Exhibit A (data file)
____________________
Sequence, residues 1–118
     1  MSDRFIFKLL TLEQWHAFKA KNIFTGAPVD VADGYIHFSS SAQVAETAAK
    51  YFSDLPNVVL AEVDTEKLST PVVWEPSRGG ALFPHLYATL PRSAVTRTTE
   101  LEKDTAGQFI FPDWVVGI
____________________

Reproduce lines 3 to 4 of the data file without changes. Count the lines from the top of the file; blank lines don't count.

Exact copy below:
    51  YFSDLPNVVL AEVDTEKLST PVVWEPSRGG ALFPHLYATL PRSAVTRTTE
   101  LEKDTAGQFI FPDWVVGI